New late-breaking ACC 2022 data support the use of antihypertensive therapy to reduce risk of events including preeclampsia and neonatal death among at-risk expecting mothers.
Treating mild, chronic hypertension in pregnant women decreased risk of preeclampsia, medically-indicated preterm birth, placental abruption and fetal or neonatal death by approximately 18%, according to new data.
In a late-breaking abstract presented at the American College of Cardiology (ACC) 2022 Scientific Sessions in Washington, DC, investigators from the Chronic Hypertension and Pregnancy (CHAP) Trial Consortium reported that treating blood pressure to achieve <140/90 mmHg with antihypertensive therapy in pregnant women was not only efficacious in reducing risk of composite adverse neonatal and fetal outcomes, but safe against risk of affected gestational-age birth weight.
The findings provide supporting evidence toward treating pregnant women with antihypertensive treatment—a controversial strategy which prior to the CHAP data was not supported by findings showing benefit for maternal, fetal or neonatal outcomes.
Led by Alan T. Tita, MD, PhD, of the University of Alabama Birmingham’s Department of Obstetrics and Gynecology and the Center for Women’s Reproductive Health, the CHAP investigators sought to establish data on targeting a blood pressure of <140/90 mmHg for pregnant women with mild chronic hypertension, and the incidence of adverse pregnancy outcomes associated with such care.
“There is consensus to treat pregnant women with severe hypertension, but for women with mild chronic hypertension (which is typically defined as a blood pressure of <160/110 mm Hg), it is unclear whether to withhold antihypertensive medication until the increase in blood pressure is severe or to continue the patient’s previously established therapy,” they wrote.
The team conducted the open-label, multicenter, randomized trial by assigning pregnant women with <160/100 mmHg blood pressure and singleton fetuses (gestational age, <23 weeks) to either recommended antihypertensive treatment or no such treatment unless severe hypertension (≥160 mmHg systolic pressure or ≥105 mmHg diastolic pressure) developed.
They sought a primary outcome of composite adverse pregnancy events across the 2 treatment arms, including preeclampsia with severe features, medically-indicated preterm birth at <35 weeks’ gestation, placental abruption, fetal death or neonatal death. Their primary safety outcome was gestational-age birth weight scoring below the 10th percentile.
Key secondary outcomes included composites of serious neonatal and maternal complications, preeclampsia, and prevalence of preterm births.
The trial included 2408 pregnant women, split 1:1 to either active treatment (n = 1208) or control (n = 1200). Mean participant age was 32.3 years old across both arms; approximately half (47.5%) were non-Hispanic Black. More than 82% of each arm had been previously pregnant, and mean baseline blood pressure was 134.2/83.9 and 133.7/83.4, respectively.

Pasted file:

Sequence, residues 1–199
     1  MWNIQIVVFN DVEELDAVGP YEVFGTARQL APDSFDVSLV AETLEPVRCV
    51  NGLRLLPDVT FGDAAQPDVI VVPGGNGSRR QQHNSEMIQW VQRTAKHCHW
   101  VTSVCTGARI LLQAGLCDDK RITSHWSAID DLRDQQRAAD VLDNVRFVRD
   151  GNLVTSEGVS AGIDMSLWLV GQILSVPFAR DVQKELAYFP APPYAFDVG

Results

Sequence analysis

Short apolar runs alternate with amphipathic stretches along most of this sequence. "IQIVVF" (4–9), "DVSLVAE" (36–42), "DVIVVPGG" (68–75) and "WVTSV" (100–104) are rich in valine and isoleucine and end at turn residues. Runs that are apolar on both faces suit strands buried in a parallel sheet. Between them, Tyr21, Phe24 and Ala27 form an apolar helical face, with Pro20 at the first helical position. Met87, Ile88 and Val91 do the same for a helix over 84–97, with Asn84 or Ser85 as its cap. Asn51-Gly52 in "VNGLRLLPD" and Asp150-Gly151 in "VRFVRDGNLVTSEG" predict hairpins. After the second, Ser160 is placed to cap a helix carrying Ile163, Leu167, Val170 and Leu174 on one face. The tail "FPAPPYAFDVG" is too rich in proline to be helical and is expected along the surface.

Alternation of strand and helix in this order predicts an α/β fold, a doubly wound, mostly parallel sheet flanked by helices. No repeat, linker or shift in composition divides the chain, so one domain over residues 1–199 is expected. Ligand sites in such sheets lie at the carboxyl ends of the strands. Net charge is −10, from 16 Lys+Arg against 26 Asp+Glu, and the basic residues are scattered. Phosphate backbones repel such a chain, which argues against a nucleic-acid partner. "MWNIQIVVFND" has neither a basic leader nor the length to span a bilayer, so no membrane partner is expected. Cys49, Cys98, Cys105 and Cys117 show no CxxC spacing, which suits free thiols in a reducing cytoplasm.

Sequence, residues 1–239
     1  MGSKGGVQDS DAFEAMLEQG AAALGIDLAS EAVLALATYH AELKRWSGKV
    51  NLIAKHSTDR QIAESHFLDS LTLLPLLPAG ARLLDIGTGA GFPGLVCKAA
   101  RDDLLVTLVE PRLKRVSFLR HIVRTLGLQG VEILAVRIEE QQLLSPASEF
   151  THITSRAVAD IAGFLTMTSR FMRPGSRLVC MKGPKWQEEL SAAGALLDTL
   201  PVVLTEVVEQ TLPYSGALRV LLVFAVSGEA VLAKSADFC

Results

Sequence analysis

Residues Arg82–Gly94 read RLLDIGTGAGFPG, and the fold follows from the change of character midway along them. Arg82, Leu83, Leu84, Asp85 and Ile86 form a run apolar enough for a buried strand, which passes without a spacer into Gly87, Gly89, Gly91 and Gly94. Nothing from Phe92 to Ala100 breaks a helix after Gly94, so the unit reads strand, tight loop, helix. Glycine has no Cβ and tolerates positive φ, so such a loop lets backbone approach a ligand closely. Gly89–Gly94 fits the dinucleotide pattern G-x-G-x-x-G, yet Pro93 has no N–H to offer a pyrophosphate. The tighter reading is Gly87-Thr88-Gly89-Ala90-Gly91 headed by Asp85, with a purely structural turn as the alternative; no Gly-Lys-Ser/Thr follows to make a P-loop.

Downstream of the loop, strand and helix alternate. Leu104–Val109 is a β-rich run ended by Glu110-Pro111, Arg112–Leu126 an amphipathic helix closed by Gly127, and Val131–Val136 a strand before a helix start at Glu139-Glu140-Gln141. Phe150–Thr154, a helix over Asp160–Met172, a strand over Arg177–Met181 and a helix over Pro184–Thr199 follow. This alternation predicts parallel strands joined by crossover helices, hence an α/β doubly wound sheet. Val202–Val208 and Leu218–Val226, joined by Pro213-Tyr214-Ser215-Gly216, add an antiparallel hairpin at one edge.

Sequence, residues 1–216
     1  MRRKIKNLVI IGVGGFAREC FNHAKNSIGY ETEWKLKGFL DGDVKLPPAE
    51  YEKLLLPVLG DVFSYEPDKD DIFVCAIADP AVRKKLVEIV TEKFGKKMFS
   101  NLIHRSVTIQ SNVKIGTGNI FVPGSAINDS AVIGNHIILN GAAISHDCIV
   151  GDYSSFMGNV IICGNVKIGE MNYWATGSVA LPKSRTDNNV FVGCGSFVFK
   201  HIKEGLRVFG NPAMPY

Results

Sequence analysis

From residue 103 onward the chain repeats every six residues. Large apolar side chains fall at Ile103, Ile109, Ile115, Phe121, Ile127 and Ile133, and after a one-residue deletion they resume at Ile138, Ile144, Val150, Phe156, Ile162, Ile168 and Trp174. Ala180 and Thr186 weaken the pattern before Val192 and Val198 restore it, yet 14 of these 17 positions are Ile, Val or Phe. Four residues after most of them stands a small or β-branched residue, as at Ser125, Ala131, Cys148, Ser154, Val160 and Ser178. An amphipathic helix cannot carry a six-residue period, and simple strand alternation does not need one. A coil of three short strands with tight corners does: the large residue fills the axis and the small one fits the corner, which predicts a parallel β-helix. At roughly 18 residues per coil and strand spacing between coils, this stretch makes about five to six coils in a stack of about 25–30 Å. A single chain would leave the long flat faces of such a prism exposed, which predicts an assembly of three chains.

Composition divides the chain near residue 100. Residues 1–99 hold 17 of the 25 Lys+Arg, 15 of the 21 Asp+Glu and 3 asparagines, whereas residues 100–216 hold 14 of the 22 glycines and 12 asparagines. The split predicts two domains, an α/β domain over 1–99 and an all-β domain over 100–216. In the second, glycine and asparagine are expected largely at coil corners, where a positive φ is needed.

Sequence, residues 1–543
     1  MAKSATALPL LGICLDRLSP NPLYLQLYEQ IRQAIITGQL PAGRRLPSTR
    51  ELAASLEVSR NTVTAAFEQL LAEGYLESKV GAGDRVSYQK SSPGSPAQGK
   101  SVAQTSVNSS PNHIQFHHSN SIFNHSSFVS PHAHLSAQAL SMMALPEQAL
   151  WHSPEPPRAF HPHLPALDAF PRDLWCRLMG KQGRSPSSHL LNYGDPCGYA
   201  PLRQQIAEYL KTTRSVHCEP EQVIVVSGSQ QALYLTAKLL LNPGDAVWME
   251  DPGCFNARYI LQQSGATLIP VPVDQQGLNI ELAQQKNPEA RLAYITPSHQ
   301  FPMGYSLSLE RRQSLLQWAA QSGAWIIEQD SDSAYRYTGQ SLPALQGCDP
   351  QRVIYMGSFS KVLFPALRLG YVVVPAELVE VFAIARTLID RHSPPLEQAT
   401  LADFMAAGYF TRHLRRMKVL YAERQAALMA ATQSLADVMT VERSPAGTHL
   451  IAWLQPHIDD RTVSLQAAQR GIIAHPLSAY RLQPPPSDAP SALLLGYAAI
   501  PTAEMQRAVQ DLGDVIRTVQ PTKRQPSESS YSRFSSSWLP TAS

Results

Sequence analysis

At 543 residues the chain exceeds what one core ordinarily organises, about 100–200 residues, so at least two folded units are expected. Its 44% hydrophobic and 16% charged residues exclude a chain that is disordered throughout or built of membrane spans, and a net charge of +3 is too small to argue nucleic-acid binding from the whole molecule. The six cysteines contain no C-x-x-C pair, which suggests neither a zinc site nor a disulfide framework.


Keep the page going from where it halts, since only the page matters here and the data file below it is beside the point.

Tita and colleagues observed the composite primary outcome events in 30.2% of women in the active treatment group, versus 37.0% of women in the control group, indicating an adjusted risk ratio (RR) of 0.82 (95% CI, 0.74 – 0.92; P <.001). Treated women also fared better by incidence of the following outcomes:
For the primary safety outcome, investigators observed a 4% increased risk of small-for-gestational-age birth weights below the 10th percentile for the active-treatment group versus control: 11.2% versus 10.4% (adjusted RR, 1.04; 95% CI, 0.82 – 1.31; P = .76).
“It was determined that 14 to 15 patients would need to receive active treatment to prevent one primary-outcome event,” investigators wrote. “There were no significant between-group differences in the safety outcome of newborns who were under either the 10th percentile or the 5th percentile for gestational-age weight.”
In an editorial accompanying the CHAP data, Michael F. Greene, MD, and Winfred W. Williams, MD, of the Departments of Obstetrics and Gynecology and Medicine at Massachusetts General Hospital, highlighted the growing burden of hypertension in pregnant women.
“The rate of hypertension during pregnancy has been rising inexorably over 5 decades in parallel with the strongly associated covariates of a maternal age of more than 35 years and the presence of overweight or obesity, factors that were present in 55.9% of women who gave birth in 2019,” they wrote. “In addition, hypertension is more than twice as common in Black women as in White women.”
Though they cautioned the “relatively large” number of secondary outcomes observed in the CHAP trial warrant further interpretation, findings showing a decreased risk of progression to severe hypertension with early-initiated antihypertensive therapy are consistent with growing literature.
“The most exciting finding in this trial (possibly the result of the large enrollment) is the apparent reduction in the incidence of various measures of preeclampsia in the active-treatment group, findings that have not been observed in eight previous randomized trials, including CHIPS,” they wrote. “…If the results are confirmed in subsequent studies, such outcomes would be a compelling reason to change the recommendations for clinical practice regarding the treatment of mild hypertension during pregnancy.”
The study, “Treatment for Mild Chronic Hypertension during Pregnancy,” was presented at ACC 2022.